Volunteering Information: Brian “The Most Quotable Man in PC” Mintey

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Of all the people in my Peace Corps group, ID6, B. Mintey has surprised me the most. In the beginning, I wasn’t sure we’d hit it off, despite having a Tampa, Florida connection. Brian came off as a serious character. Anytime there was a presentation during our pre-service training, you could bet, as Brian is known to say, “dollars to donkeys,” (or something to that effect) that he’d be throwing in his two scents. This inevitably extended the session longer than it needed to be, which inevitably prompted me to roll my eyes. In his defense though, he always had something insightful to say, and that overzealousness I once mocked turned out to be one of the things I admire most about the man.

Fast forward two years and I am now proud to count Mintey as one of my true allies. He’s a smart, straight shoot’n sunuvagun and, as I once told him, “he has a real passion for life.” I’ve asked Mr. Mintey to answer a few questions, which can found below.

1) What is the most interesting thing you’ve learned about yourself since you’ve been in the Corps?

Brian- I’ve come to realize how drastically and quickly one’s self perceptions can change. I have always considered myself and been regarded by others as an exceptionally patient, relaxed, and easygoing person. From the moment I came to this country I have been under stresses that were never problems for me before. I feel intense personal scrutiny from everyone I meet and am forced to interact socially far more often but with far more superficiality than I would ever have tolerated in America. Because of my responses to this, I have had to abandon my old, easygoing self image. I have instead become an extremely impatient, anxious person.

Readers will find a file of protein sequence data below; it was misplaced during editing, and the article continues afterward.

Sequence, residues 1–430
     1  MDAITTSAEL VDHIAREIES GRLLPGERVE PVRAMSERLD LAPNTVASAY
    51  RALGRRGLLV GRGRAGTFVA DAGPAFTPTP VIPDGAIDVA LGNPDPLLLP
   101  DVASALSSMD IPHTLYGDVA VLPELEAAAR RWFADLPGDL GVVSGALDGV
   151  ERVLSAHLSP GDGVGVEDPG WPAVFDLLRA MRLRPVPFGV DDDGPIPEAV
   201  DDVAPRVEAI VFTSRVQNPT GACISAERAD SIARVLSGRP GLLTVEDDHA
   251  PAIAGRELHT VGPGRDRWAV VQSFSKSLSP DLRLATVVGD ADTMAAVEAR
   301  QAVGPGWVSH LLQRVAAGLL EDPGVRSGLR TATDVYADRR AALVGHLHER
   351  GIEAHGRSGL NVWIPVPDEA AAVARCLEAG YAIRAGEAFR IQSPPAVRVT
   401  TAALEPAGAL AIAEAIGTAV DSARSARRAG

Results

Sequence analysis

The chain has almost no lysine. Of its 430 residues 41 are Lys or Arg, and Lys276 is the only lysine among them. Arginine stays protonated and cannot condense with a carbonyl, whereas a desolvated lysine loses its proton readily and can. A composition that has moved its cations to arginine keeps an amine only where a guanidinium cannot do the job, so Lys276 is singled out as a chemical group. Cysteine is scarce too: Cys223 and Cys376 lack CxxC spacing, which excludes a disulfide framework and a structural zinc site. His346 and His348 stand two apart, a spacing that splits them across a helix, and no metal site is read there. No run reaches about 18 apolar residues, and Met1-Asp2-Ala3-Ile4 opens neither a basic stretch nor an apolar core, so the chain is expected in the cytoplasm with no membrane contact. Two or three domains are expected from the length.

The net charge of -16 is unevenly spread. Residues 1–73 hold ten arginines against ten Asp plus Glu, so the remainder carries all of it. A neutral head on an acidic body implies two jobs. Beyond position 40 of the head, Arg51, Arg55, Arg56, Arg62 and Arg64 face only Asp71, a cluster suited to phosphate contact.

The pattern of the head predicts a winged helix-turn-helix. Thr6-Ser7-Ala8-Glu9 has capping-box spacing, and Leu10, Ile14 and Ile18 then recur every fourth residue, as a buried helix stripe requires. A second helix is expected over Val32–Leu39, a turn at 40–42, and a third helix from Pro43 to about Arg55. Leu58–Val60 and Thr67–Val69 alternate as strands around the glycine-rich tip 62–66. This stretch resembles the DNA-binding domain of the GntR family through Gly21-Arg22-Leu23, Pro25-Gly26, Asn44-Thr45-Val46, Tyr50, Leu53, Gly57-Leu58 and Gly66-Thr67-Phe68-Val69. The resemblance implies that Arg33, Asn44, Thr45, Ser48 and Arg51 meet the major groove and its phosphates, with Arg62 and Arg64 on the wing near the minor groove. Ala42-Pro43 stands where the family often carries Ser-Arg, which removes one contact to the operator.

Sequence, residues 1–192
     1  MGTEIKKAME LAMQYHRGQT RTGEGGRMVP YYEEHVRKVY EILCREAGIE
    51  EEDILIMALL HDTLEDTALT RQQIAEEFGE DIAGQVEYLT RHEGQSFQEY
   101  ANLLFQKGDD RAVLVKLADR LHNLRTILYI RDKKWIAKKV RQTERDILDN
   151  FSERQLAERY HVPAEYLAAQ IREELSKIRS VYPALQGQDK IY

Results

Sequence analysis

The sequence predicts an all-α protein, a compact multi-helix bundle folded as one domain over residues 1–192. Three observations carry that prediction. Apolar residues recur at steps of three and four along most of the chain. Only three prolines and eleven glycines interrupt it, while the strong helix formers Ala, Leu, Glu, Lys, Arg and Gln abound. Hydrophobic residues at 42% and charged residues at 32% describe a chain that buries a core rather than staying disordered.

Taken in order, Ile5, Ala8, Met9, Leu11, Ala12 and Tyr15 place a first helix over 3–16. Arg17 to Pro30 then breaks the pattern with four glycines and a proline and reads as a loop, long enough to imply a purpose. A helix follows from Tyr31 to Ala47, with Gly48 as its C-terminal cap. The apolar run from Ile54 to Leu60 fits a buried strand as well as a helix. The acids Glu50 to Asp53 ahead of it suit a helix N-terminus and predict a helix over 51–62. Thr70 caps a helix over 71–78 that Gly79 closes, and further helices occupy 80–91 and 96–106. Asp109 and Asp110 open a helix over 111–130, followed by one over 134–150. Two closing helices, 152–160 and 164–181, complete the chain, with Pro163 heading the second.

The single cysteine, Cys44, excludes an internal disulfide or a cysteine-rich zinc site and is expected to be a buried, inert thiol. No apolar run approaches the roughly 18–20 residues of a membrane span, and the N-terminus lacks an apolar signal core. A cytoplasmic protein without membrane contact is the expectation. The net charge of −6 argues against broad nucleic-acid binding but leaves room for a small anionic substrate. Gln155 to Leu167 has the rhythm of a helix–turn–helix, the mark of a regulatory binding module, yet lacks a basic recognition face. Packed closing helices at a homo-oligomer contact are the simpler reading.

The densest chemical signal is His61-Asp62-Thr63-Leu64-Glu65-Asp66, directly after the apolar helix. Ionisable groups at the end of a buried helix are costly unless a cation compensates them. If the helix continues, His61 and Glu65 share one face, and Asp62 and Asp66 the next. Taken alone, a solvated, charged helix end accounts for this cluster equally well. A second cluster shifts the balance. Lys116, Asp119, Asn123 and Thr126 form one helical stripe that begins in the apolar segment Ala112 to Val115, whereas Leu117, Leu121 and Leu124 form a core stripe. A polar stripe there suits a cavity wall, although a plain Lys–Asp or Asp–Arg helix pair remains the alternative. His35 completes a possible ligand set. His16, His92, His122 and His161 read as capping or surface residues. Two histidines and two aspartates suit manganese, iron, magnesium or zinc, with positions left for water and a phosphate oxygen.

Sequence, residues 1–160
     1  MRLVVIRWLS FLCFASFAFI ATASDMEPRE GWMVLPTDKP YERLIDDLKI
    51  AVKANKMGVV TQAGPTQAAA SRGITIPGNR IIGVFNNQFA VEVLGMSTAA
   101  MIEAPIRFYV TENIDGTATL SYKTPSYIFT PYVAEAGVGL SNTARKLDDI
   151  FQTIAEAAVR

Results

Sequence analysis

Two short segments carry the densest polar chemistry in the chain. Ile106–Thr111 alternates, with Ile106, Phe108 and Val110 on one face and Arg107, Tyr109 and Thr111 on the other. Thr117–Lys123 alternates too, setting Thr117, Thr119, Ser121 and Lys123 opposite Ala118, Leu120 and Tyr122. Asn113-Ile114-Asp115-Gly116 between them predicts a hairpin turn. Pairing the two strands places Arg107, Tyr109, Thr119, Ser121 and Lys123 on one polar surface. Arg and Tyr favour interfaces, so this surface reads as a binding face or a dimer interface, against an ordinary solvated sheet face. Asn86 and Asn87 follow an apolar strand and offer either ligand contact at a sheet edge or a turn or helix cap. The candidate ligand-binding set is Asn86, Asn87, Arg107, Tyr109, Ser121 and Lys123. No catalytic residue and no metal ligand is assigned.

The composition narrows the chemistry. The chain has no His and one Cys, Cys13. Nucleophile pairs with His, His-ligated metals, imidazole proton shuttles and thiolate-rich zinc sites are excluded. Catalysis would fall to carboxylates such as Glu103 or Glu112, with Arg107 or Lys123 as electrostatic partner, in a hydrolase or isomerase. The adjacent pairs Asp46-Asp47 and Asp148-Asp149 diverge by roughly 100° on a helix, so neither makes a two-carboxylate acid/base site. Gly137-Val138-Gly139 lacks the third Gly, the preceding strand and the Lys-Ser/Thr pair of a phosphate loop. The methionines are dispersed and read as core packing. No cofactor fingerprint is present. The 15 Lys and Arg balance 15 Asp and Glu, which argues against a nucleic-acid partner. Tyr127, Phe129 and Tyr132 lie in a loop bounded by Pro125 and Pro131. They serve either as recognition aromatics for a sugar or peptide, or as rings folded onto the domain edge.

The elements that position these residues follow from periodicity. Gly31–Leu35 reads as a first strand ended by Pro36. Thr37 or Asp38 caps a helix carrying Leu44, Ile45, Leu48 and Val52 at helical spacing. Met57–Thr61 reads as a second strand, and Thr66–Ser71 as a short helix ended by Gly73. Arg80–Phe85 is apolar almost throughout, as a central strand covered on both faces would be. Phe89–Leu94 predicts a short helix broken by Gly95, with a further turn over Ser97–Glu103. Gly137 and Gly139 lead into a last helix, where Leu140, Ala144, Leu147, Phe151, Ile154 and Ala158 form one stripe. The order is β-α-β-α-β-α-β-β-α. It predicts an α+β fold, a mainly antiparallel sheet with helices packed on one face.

Such a radical change in self perception was, at first, disconcerting. But now I am simply amazed by it. I’m interested to talk to more people who know me here to see how they perceive me and then compare it to how people back home think that i have changed.

2) Who in our group, ID6, has suprised you the most (in a good way)!?

Brian- I was most surprised by my friend Alex. Wen I first arrived I was turned off by his facade. But the intensity of PST quickly broke that down. I have come to know him very well and to find that he is humble, thoughtful, and in my opinion the best ambassador of Indonesian and American culture that the Peace Corps has.

3) You’ve undergone a lot of physical changes since arriving and CLAIM to feel better than ever. What new habit, in your opinion, is most responsible for this?

Brian- I am probably physically healthier here than I have ever been. When I came to Indonesia, two habits got me back into shape: the Madurese fish and rice diet with almost no sweeties and consistent working out. The latter began as a way to manage stress and has been indispensable in that regard. I have rarely been sick and when I have it has never been serious.

4) Speaking of seafood, two years ago you were a fresh fish here. Now, as a seasoned, grizzled vetern, what advice would you impart on the new group arriving in March, ID8?

Brian- Adjusting to life here is difficult. And it should be. It is stressful and will tax your patience and nerves. That has been made clear to you before you signed up. You will have your self perceptions and your assumptions about others challenged in ways you won’t expect. That is a rare and wonderful opportunity. Find someone you can talk to openly and frankly about these challenges, but do not whine and complain…not to your friends, not on Facebook, and not on your blog. It is a privilege to be here – no one is making you stay – you are surrounded by people bending over backwards to try and help you. Open and frank discussion of problems is productive. Whining and complaining insults those around you and flies in the face of why you are here.

5) Finally, what is the one thing do you think will genuinely miss about this experience when we wrap up in June?

Brian- I will miss coming home to my old training village and host family in Batu. After an absence of a few months I can step off that orange angkot and feel completely at home. That feeling is all the more special because I can remember the first time I did it feeling completely alien. It actually became my home in a more intense way than any other place I have ever lived.

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